by Clark Nida, serialised here by permission of the author.
Alan’s night-duty gave him three clear days off a week, during which he mucked about with his biorhythms and got himself back to conventional hours. It gave him the opportunity to stand-in for his father in the bar, during the slack times when Pop was better employed elsewhere.
Mackie Pringle, Pop’s teacher friend, was occupying his usual place in the corner of the bar. A serious young Scot – another one – he seemed absorbed in watching the bubbles burst in his beer froth. He went over to Germany with the Territorial Army once a year for a fortnight and trundled around in tanks all over the pretty villages, squashing poodles and bulldozing garden walls. He’d just come back from this year’s jaunt and was trying to get used to English beer again, as he put it.
Alan was doing the crossword. “Cold Warrior. Six letters.”
Mackie hadn’t even hesitated. Alan looked up in astonishment. “How did you know that?”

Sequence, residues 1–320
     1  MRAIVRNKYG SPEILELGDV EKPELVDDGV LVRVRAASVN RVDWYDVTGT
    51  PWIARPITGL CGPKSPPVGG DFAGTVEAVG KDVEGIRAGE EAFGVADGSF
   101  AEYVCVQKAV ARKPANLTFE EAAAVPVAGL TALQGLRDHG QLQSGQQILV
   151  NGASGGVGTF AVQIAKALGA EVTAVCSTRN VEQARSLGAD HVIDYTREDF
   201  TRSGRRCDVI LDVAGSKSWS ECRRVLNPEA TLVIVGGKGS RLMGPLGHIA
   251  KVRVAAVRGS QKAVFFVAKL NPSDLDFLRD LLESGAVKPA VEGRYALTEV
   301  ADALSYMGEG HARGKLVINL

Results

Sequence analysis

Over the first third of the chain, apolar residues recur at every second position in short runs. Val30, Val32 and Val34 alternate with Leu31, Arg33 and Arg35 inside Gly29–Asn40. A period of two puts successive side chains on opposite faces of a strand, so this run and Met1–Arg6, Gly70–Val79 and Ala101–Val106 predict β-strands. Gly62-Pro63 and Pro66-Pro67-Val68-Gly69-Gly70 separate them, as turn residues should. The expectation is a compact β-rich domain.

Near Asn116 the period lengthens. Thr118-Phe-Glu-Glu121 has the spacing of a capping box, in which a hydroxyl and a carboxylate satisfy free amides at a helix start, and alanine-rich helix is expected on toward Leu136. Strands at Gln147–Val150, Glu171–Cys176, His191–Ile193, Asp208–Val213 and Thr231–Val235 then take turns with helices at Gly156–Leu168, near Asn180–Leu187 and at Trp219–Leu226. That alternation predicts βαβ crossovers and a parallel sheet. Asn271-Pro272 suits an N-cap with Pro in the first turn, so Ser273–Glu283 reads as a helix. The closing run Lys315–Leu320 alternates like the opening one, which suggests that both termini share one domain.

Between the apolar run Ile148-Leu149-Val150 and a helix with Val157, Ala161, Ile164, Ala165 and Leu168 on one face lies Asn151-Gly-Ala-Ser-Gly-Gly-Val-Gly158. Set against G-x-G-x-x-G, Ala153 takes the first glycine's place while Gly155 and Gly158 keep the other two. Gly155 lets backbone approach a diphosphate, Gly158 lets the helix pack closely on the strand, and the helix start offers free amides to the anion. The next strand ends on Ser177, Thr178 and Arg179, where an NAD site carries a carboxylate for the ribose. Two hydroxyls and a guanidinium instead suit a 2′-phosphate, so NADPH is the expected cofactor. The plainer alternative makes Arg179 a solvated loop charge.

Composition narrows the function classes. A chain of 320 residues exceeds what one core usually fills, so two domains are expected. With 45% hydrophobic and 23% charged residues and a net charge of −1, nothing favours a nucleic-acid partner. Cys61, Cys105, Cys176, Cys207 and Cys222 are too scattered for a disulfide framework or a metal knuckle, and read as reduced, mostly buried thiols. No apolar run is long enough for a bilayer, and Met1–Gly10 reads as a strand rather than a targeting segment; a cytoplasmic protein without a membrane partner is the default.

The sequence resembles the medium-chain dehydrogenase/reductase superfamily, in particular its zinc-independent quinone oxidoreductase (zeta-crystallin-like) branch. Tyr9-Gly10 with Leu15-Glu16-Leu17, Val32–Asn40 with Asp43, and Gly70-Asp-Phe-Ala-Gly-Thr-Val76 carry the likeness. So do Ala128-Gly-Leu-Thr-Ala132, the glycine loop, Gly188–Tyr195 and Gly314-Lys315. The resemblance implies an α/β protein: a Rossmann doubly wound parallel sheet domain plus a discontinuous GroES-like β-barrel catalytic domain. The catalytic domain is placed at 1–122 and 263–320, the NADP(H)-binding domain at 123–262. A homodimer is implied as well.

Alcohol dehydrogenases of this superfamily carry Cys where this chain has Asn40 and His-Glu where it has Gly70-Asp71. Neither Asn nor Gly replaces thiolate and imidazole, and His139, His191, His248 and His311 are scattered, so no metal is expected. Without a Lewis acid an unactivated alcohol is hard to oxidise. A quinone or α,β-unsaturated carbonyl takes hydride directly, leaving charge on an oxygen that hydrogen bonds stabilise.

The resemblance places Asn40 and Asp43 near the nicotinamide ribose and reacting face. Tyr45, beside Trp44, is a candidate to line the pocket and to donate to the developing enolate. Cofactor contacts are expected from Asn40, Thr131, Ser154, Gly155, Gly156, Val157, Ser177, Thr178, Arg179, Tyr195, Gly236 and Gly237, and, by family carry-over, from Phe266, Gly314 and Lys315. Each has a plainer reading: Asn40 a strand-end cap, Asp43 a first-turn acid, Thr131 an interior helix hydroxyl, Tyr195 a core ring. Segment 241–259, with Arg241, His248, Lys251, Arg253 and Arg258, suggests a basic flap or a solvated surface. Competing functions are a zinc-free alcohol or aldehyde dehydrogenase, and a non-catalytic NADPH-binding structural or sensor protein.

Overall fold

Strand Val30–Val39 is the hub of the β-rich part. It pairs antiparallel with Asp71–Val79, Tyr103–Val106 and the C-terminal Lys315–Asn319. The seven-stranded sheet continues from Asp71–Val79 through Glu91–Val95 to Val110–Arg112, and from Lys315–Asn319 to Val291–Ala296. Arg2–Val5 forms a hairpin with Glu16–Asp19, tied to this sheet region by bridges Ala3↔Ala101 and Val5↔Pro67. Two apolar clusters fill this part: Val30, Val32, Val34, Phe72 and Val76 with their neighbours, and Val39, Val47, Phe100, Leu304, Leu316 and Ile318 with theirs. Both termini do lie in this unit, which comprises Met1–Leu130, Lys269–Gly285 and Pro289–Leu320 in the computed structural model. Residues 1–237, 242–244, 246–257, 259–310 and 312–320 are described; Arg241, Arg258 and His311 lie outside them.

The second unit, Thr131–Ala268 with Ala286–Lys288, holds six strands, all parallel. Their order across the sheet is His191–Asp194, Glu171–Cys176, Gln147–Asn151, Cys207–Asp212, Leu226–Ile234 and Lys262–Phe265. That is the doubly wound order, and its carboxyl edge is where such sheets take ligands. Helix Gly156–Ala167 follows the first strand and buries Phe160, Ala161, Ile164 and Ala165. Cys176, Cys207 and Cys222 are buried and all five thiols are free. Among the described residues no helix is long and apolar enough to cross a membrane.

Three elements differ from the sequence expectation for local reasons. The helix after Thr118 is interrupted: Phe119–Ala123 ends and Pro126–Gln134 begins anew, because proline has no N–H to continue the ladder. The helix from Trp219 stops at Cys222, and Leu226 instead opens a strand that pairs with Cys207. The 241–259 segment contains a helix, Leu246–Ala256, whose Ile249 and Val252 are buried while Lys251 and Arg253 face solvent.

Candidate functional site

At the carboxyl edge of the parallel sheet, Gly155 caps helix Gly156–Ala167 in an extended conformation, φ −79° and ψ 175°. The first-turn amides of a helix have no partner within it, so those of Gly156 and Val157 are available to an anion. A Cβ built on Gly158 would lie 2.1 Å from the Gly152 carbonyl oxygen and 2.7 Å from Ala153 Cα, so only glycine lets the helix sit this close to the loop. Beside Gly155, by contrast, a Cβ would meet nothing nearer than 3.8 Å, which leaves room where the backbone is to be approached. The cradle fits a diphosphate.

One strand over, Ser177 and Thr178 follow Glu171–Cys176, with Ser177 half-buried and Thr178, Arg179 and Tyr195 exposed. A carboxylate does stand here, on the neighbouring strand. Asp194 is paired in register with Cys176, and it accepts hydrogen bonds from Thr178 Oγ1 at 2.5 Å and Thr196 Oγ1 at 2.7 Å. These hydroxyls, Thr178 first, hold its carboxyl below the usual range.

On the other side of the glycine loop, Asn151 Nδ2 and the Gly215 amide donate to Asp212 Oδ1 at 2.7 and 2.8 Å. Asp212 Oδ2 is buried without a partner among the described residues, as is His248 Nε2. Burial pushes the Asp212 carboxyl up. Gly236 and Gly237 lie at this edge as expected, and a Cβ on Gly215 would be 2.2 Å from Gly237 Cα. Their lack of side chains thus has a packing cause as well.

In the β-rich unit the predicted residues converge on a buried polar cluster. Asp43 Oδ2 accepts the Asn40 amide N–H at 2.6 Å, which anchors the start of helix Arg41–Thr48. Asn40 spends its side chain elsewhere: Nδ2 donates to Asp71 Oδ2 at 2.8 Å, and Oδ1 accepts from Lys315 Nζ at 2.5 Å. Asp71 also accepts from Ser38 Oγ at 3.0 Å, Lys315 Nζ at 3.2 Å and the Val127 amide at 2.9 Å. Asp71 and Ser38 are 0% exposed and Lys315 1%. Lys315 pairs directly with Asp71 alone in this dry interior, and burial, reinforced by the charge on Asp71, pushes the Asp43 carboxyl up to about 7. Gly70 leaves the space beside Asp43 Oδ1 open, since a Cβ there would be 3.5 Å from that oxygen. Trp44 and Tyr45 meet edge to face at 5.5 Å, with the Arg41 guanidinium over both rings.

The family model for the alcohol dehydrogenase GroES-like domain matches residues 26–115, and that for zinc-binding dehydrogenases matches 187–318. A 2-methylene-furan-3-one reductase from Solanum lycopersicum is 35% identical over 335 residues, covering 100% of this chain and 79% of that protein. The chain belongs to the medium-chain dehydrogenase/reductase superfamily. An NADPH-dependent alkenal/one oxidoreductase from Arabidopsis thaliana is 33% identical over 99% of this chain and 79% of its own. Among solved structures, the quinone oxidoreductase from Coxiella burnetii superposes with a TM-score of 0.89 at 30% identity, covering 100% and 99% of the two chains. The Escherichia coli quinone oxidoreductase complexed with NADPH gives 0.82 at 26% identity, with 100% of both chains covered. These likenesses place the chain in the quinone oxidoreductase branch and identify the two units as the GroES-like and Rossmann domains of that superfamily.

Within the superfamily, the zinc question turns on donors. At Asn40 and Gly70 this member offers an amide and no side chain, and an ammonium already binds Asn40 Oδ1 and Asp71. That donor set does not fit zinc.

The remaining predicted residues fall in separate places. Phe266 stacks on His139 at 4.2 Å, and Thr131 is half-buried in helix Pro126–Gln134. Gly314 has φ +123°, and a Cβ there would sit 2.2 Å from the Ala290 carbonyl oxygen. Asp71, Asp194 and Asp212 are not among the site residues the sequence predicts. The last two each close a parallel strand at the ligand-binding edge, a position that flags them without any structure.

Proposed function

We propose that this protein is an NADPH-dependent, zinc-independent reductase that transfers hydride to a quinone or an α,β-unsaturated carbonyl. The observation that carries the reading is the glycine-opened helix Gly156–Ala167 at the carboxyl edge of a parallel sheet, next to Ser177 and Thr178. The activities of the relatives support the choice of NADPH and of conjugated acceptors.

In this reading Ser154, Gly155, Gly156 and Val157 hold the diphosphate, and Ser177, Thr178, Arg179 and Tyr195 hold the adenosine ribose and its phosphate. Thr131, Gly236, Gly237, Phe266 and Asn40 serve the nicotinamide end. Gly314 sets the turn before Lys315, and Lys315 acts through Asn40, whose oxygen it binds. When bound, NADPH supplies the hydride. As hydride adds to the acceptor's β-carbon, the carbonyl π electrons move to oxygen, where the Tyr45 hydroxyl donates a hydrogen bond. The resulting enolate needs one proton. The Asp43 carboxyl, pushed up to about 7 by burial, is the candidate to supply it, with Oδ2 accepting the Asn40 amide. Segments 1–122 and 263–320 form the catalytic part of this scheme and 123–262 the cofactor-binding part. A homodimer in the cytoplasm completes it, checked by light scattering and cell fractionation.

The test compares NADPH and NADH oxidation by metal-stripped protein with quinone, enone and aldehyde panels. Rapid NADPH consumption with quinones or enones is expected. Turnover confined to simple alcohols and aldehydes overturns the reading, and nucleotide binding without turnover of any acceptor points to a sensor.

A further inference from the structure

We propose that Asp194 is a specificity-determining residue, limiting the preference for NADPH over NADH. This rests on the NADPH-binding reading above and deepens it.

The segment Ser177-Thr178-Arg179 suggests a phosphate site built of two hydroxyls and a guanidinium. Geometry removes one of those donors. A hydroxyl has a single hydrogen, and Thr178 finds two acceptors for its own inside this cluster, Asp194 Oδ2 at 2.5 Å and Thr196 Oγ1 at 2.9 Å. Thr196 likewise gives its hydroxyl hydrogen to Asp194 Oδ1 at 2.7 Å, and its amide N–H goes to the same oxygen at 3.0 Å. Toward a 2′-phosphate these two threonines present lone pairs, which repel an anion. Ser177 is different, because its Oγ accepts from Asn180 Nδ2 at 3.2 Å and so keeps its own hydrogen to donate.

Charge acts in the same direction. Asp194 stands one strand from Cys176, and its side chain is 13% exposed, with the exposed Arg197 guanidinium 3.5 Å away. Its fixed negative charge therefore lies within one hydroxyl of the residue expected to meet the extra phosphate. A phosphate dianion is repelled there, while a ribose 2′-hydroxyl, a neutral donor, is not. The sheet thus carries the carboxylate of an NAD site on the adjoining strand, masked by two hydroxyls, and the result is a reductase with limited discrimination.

“Because I wasn’t born yesterday – like you.”
Alan was used to Mackie’s surface abrasion and rarely rose to the bait. But just today he felt Mackie needed answering back. How would Pop do it? – he wondered.
“I know I’m only a school-leaver. But I keep my eyes and ears open.”
“Well, tell me this. What’s the Cold War all about?”
“Can’t you improve on that?”
“It’s better than a hot war, isn’t it?”
“It’s-better-than-a-hot-war-isn’t-it.” Mackie aped him. “Yes it is – but what if it turns into a hot war?”
“Then we’ll all be blown to kingdom come! Mutually Assured Destruction. Nuclear Winter…” Alan mouthed the buzzwords.